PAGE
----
A big-ticket plan to expand the Andover community center is sparking debate in the north metro city, as officials work to rein in costs and weigh whether to let voters chime in.
Expansion of the community center could add spaces for teens and seniors to gather, more meeting rooms, a sports gym, an indoor walking track and a new arena for ice and turf sports.
But many find the $18.9 million price tag — a recent estimate — tough to stomach.
“We all had sticker shock,” Mayor Julie Trude said.
The project has split the City Council, which voted 3-2 last month to move forward while directing staffers to cut costs. An $18.9 million project budget would mean a property tax hike of about $113 for owners of a $250,000 house, the median value in town.
Some residents point out that would come on top of the tax sting from a record-breaking $249 million referendum approved last fall by Anoka-Hennepin School District voters.
City Administrator Jim Dickinson said Andover now is working to shave just over $2 million from the price in an effort to limit the tax increase to no more than $100 for a $250,000 house.
That means looking for budget trims in areas like lighting, plumbing, landscaping, aesthetics and parking lot size. The city has spent about $300,000 so far on design development, he said.
“The buzzword is ‘value engineer’ the project down,” Dickinson said. “I’ve got work to do to get down to $16.8 million.”
The Parks and Recreation Commission plans to chip in $1 million of future fees from new home construction for the expansion. City documents show that the Andover Hockey Association has also indicated interest in pitching in $500,000 toward the new arena, estimated to cost $11 million.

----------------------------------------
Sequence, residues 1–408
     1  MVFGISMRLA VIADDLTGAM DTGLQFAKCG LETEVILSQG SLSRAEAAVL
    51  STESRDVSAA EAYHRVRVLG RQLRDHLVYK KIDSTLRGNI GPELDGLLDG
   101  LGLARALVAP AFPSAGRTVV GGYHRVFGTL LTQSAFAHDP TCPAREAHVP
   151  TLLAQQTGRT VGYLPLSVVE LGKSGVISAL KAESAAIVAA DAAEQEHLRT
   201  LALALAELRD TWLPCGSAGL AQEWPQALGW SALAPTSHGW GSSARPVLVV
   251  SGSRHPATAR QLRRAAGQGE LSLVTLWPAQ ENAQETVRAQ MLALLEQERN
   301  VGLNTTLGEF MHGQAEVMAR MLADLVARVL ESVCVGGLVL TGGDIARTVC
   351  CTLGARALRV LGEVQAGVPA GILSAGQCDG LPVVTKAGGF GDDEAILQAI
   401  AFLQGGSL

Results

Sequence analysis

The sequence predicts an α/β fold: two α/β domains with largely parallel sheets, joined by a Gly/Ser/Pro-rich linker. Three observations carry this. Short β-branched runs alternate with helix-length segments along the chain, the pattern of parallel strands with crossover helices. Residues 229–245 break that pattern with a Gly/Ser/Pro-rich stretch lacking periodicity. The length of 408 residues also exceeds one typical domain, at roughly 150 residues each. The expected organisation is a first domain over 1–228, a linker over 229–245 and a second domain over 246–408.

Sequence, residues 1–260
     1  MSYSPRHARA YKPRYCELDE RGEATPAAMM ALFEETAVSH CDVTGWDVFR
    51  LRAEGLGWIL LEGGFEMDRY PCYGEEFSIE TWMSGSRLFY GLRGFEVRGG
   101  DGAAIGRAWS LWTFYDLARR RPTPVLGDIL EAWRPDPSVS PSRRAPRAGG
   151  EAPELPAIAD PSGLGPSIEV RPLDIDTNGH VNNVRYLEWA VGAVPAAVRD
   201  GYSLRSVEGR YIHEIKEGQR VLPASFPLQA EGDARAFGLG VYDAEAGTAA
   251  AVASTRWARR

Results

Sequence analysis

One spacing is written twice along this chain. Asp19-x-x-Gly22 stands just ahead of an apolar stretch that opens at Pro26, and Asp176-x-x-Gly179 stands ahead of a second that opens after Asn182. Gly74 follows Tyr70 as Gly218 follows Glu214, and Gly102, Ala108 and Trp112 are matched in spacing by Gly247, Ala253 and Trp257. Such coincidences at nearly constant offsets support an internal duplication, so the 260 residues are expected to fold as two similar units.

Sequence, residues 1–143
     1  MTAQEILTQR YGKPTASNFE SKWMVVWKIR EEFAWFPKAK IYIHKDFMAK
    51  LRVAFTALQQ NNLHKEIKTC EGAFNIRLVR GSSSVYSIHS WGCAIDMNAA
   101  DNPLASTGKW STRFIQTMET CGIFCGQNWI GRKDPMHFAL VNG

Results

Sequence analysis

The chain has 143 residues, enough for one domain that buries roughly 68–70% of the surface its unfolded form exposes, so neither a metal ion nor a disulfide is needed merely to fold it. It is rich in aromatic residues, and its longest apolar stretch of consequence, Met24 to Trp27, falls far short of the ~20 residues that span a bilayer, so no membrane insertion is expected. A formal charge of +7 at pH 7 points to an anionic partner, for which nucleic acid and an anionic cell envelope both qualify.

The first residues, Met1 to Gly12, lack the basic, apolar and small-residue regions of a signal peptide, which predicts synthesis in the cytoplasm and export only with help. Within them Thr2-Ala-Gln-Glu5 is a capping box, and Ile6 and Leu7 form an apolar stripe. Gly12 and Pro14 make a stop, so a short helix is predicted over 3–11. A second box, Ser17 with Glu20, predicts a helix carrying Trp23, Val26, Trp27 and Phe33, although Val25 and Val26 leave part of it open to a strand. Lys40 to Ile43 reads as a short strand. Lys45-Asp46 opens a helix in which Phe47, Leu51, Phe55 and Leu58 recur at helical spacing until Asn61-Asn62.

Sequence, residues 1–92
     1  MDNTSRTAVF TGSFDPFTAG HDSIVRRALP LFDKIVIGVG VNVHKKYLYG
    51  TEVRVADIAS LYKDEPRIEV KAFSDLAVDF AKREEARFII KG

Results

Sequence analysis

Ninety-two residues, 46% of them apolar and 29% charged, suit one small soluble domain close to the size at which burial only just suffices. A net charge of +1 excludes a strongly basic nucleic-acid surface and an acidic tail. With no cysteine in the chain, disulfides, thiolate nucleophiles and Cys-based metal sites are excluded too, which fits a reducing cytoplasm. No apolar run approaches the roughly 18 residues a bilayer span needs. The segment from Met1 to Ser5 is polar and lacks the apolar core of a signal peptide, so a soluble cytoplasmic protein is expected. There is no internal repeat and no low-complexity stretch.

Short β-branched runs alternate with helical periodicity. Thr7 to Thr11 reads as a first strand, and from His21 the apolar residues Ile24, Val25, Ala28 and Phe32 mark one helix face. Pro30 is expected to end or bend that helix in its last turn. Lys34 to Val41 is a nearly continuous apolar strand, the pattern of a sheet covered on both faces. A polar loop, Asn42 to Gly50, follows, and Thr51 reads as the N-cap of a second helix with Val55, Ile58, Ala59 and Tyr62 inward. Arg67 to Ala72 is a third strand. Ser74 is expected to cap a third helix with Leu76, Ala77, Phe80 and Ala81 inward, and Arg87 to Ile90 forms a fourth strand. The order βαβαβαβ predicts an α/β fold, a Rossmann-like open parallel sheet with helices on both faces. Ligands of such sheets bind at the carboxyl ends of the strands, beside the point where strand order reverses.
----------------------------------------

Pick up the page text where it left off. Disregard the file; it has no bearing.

Some are pushing for a referendum on the project, an option that’s stirred debate and is expected to come up at a Nov. 27 City Council workshop.
Council Member Sheri Bukkila said she views the expansion as a “community want” as opposed to a need. “That decision best lies with the taxpayer in the voting booth,” she said.
Bukkila said some aspects of the project, including the meeting rooms and spaces for teens and seniors, seem to have broader support than others. “Those assets fill gaps in services that we don’t have, or make them better,” she said.
At an Oct. 9 meeting, some residents pressed for a public vote on the project. Others argued that not enough people frequent the center to justify the head-turning cost, saying the expansion would mostly benefit certain groups such as the hockey community.
Trude said local hockey players are at a “competitive disadvantage,” lacking enough places to get ice time. The community center now has one sheet of indoor ice and was built with future growth in mind, she said.
“We’ve got a lot of people who are empty nesters and also people moving here because we have these amazing facilities,” she said. “Growth is putting a lot of stress on the building.”
The expansion is part of a broader master plan for the City Hall campus as well as the community center, which debuted in 2005 and is run in concert with the YMCA. The city runs the indoor ice arena and fieldhouse while the YMCA leases part of the building.
“Plenty of people that use it want it,” Bukkila said. “And plenty of people that don’t use it don’t want to pay for it.”